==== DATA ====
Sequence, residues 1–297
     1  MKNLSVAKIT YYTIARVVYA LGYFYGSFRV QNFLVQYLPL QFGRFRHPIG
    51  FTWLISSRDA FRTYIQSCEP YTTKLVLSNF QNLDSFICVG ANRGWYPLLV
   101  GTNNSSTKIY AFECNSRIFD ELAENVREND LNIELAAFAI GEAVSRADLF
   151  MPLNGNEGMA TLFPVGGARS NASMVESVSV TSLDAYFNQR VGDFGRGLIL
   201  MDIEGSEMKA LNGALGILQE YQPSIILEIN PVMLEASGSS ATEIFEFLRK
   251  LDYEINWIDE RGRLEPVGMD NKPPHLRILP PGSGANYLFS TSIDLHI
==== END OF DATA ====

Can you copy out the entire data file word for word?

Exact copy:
Sequence, residues 1–297
     1  MKNLSVAKIT YYTIARVVYA LGYFYGSFRV QNFLVQYLPL QFGRFRHPIG
    51  FTWLISSRDA FRTYIQSCEP YTTKLVLSNF QNLDSFICVG ANRGWYPLLV
   101  GTNNSSTKIY AFECNSRIFD ELAENVREND LNIELAAFAI GEAVSRADLF
   151  MPLNGNEGMA TLFPVGGARS NASMVESVSV TSLDAYFNQR VGDFGRGLIL
   201  MDIEGSEMKA LNGALGILQE YQPSIILEIN PVMLEASGSS ATEIFEFLRK
   251  LDYEINWIDE RGRLEPVGMD NKPPHLRILP PGSGANYLFS TSIDLHI